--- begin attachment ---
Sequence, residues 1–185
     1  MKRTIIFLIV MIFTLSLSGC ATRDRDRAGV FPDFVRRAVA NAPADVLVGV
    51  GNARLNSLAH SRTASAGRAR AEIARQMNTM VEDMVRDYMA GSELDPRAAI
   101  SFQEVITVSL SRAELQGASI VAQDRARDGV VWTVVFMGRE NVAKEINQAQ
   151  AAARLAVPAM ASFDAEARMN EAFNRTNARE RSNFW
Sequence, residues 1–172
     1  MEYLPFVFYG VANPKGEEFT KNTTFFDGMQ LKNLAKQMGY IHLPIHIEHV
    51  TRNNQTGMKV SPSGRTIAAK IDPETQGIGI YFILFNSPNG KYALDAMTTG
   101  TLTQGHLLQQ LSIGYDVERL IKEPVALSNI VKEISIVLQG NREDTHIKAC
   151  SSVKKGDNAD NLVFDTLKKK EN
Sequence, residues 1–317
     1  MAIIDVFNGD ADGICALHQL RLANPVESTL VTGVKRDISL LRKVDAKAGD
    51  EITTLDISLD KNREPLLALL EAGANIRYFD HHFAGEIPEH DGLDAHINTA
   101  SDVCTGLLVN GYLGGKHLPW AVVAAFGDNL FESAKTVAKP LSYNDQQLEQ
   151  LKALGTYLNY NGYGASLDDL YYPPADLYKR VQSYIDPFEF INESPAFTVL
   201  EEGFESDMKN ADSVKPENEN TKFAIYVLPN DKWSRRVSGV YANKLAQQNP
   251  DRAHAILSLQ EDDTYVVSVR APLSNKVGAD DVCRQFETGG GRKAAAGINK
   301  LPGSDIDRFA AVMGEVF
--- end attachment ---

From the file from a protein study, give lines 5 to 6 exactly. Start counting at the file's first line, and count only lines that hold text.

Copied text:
   151  AAARLAVPAM ASFDAEARMN EAFNRTNARE RSNFW
Sequence, residues 1–172